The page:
It's cheap

It's minimally messy

It's easy to peel off both the helmet and visor if you make a mistake

It dries quickly

However, and this is a very BIG however, this stuff is like molten lava when it's fresh out of the gun. I'm talking 3rd degree burn hot. You can absolutely go with a low melt gun if you are concerned about that. I'd also recommend that you wear leather gloves. This is one of the few  areas in which I don't practice what I preach because I find it difficult to feel the visor and get it just right when I'm wearing them, but I have installed over 100 visors at this point. I highly recommend you wear some sort of hand protection if you use the Hi-Temp model.

It takes about 2.5 of the short glue sticks or one of the long versions to finish a bucket.

I generally start on one side of the visor and do a small portion, then move to the other side and do another small portion. At least when it comes to initially setting the visor it's important that you TAKE YOUR TIME!

Once you feel that you have the lower portion secured, turn the bucket around and look at it to make sure the visor is aligned correctly. Early on in my build career I slapped in a visor, secured the whole thing, then realized the entire front was off kilter. It was a waste of a few glue sticks and a half hour of work.

Once you are happy with the alignment it's just a matter of sealing the remainder of the visor in place. I do smallish sections and hold the visor down with a finger while the glue sets. It's extremely tedious and you need to be careful not to jam a finger into the molten liquid, but it's worth the minimal gaps and cleanup. I usually have something up on Netflix while I work in the shop, so I'll catch up on X-Files or get into some new web series while I literally wait for glue to dry.

You'll note that visibility from the interior of the helmet is great. It's akin to wearing dark sunglasses. However, once the helmet is on it's difficult for people to see into it.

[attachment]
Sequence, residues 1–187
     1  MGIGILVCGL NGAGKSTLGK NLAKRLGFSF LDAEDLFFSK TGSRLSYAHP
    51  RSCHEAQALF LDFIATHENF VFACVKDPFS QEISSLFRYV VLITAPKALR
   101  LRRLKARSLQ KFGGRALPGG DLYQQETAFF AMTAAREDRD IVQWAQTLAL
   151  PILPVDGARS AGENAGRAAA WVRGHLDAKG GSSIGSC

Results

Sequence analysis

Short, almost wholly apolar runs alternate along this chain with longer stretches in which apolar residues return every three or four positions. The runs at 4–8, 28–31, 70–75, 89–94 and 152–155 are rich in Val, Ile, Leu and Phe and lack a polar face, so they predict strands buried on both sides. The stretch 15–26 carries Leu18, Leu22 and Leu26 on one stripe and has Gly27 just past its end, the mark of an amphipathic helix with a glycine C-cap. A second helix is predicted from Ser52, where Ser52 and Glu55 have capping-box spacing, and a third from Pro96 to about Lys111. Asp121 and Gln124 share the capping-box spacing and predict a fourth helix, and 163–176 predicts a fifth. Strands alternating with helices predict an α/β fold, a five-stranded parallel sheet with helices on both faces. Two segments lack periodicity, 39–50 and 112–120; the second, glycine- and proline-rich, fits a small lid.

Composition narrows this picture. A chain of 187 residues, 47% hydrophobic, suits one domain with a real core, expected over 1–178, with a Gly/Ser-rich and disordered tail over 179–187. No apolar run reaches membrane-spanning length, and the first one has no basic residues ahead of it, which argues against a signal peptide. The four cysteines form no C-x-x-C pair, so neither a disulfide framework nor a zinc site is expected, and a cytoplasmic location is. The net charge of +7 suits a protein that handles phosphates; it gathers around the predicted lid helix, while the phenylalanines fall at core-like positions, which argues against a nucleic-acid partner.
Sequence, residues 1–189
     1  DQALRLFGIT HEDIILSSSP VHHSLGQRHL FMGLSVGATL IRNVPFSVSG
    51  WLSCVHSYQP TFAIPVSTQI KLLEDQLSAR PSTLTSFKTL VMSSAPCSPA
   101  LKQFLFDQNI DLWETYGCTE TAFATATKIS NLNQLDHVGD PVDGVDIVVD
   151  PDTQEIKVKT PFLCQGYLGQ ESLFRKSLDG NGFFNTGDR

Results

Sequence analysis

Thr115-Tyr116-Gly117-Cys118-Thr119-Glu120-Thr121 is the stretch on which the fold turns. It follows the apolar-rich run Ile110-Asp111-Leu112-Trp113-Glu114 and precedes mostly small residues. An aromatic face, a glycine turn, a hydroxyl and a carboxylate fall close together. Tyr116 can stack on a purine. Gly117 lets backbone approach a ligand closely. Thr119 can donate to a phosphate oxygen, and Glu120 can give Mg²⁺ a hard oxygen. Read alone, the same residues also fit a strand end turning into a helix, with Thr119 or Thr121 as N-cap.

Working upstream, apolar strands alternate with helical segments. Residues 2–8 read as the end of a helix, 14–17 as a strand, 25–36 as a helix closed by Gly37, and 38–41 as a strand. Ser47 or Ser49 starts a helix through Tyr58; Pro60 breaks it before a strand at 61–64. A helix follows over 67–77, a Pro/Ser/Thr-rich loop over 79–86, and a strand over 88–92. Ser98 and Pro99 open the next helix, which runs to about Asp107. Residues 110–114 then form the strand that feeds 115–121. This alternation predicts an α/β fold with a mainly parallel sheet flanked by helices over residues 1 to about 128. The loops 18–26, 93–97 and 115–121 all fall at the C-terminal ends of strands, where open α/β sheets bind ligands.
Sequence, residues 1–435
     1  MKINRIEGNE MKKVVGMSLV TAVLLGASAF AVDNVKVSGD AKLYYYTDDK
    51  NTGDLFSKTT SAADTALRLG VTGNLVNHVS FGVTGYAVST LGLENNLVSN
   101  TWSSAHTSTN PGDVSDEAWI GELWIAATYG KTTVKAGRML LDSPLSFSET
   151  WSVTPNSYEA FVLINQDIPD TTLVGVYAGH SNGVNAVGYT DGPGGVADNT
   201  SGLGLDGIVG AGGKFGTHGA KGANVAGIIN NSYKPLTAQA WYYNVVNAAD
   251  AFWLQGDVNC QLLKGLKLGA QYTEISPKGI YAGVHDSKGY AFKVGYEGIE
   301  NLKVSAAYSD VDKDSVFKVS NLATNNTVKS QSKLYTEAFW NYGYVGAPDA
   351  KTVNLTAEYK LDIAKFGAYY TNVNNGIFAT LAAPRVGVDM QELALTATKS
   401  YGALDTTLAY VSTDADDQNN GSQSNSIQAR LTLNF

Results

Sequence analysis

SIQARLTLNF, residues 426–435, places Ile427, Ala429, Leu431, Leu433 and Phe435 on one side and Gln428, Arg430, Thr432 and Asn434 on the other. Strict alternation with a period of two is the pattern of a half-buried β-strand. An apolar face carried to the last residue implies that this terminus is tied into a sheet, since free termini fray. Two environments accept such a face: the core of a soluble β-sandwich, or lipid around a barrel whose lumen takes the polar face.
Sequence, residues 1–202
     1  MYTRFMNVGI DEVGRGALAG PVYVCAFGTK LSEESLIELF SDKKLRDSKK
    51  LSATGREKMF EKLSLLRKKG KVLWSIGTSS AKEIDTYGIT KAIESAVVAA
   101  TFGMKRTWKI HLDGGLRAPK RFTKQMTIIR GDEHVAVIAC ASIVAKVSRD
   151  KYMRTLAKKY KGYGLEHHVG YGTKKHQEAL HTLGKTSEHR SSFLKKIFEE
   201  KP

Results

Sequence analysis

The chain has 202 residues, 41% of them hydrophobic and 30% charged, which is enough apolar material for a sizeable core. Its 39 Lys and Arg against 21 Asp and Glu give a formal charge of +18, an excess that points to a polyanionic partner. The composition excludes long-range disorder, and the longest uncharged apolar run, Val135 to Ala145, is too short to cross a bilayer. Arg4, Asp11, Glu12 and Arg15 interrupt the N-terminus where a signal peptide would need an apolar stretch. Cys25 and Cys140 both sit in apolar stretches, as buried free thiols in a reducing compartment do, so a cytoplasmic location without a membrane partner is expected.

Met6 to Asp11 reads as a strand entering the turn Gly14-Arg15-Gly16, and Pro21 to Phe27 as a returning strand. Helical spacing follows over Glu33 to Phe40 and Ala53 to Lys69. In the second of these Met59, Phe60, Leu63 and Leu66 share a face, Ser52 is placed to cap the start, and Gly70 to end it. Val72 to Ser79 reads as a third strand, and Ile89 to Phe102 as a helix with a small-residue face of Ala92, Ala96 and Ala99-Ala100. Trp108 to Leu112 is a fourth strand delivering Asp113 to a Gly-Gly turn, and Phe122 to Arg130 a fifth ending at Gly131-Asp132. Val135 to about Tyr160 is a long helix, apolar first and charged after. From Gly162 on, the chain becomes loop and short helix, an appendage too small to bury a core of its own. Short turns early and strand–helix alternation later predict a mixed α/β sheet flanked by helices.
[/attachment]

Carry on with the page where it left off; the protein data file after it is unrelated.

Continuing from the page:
Oops'! are inevitable on occasion. Again, these are hand-cast and not perfectly smooth in the interior so you can get a bit of seepage if you aren't being uber detail oriented.

In this case you want to wait until the glue is completely cold before you do anything. It will solidify once it's cold and make it much easier to clean up.

I keep a sharp Xacto knife and tweezers or pliers around for such occasions. Just take your time to gently trim it off. If you need to, you can go back in and put more glue into the interior to seal the gap.

If you have one of those helmets that are really uneven in the interior, you can actually use the glue to fill the gap. It takes paint pretty well, so just lightly touch it up with the same color you used in your bucket.

If you happen to live in a hotter climate, I'd strongly suggest that you not leave your bucket in a vehicle without air conditioning. I've never heard of the hot glue melting off, but it can loosen up. More often than not, the helmet itself starts to warp.

At this point congratulate yourself on being done!

If you come across any tips or tricks along the way please share them! I'm by no means an expert and love to pass on what other people have discovered as they do their own pieces.